This leads me, then, to this question: is the Bible worthy of reverence and respect? The short answer is “no.” Why should the Bible be treated differently from other books? Evangelicals have all sorts of rules about the Bible. Some Christians believe it’s a sin to write in the Bible, while other believers make copious notes and underline. In IFB churches, it was not uncommon for children and teenagers to have big-name preachers autograph their Bibles.  My pastor encouraged members to seek out the autographs of men “greatly used by God.” He also told us to record in the front of our Bibles the date, time, and place where we were saved. This way, we would never forget when it was that we were born again.

Some Christians believe it is wrong to put anything on top of the Bible. I attended Trinity Baptist Church in Findlay, Ohio in the 1970s. Teenagers were encouraged to carry their Bibles to school; not under your books, but right on top so everyone could see it. I was one of a handful of a students who displayed my religion for all to see. One day, an acquaintance of mine took my Bible and started a hot potato game with it. Around and around my Bible went, until my classmates finally tired of tossing my Bible around. After a few weeks, I decided to leave my Bible at home. While I was still quite vocal about my beliefs, I didn’t like the attention carrying my Bible brought.

Regardless of what rules they might hold to, most Evangelical revere and respect the Bible. This makes sense, I suppose, when you consider that Evangelicals believe the Bible is an inspired, inerrant, infallible book written by the Christian God. In their minds, the Bible is different from all the other books ever written. It’s a supernatural book written by a supernatural God. Thus, to say anything negative about the Bible is considered offensive.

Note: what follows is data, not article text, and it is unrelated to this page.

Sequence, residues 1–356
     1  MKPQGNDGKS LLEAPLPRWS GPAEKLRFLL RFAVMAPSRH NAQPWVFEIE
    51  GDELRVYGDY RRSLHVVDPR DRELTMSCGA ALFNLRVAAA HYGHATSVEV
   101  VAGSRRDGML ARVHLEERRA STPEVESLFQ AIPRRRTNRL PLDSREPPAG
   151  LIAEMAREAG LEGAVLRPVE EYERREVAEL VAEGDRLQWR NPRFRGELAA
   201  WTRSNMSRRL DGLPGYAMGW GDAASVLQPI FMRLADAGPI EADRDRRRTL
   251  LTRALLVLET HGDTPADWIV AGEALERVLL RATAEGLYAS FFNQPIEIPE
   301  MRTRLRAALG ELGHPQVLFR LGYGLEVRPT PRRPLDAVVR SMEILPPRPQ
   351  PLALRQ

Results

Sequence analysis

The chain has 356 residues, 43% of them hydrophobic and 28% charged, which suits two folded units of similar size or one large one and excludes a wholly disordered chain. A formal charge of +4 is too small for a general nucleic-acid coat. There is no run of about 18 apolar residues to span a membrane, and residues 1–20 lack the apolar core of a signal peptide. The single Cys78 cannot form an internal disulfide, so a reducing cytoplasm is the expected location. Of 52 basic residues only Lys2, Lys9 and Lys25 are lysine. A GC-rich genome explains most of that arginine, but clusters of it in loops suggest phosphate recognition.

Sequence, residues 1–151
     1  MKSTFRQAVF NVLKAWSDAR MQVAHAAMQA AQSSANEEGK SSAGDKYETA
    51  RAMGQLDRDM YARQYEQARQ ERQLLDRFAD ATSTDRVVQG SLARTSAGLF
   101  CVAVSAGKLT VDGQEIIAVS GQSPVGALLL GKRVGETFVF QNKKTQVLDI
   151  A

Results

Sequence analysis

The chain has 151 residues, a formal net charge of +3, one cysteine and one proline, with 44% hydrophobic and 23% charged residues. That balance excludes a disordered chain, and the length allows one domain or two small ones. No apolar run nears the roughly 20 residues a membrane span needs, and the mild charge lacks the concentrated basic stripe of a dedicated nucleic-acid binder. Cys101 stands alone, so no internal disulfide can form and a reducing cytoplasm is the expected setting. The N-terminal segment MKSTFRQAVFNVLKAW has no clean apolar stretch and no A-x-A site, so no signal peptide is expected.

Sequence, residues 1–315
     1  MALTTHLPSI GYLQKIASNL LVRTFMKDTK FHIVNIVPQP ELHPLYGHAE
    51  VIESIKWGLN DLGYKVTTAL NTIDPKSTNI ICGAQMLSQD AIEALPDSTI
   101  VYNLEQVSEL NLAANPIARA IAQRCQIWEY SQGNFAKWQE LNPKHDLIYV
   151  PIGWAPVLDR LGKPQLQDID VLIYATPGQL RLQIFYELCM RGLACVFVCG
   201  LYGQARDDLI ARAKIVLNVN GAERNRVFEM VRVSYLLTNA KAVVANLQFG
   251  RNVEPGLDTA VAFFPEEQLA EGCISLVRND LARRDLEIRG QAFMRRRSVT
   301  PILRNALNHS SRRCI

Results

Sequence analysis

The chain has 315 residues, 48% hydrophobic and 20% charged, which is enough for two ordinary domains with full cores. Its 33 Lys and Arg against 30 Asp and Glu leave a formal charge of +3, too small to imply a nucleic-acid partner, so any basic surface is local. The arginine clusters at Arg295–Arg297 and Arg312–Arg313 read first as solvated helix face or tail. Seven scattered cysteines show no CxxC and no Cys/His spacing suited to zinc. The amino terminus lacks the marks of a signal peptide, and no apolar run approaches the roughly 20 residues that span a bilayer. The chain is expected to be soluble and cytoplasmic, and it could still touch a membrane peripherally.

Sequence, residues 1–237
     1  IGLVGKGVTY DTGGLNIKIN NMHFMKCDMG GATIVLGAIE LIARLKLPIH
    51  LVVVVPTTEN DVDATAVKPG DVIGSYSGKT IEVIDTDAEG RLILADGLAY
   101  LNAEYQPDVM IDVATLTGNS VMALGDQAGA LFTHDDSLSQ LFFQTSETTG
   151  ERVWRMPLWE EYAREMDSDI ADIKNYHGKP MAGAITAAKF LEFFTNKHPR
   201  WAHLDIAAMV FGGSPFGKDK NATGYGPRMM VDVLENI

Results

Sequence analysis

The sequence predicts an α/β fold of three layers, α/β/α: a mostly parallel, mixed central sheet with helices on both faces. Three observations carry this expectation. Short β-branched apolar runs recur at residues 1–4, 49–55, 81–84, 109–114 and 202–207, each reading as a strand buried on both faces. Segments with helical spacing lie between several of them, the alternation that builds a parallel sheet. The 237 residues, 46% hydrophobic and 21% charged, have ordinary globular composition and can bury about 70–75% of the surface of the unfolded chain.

However, I don’t believe the Bible is a supernatural text. It is, at best, a collection of ancient writings. Its words may at one time have had great significance, but they no longer do today. While the Bible remains a top seller, it is also a book that most people never or rarely read.  Evangelicals base so much of their life on what their pastor says the Bible says, yet few of them have read it from cover to cover. How can someone be a Christian, a Bible-believer, and not completely read through the Bible at least once? If the Bible is so damn important, why do Christians treat it like a museum piece; something to be looked at but not read?

Ronny is not the first person to feign offense as a way to avoid my questions. I know how Evangelicals think about the Bible. I am conversant in all things Evangelical. So, I can quickly distill what it is commenters such as Ronny are trying to say. The Bible remains a book that can be used to prove almost any belief. That’s why there are thousands of Christian sects and thousands of Evangelical churches. Each denomination and church believes that they have the truth, and any “truth” that contradicts theirs is false.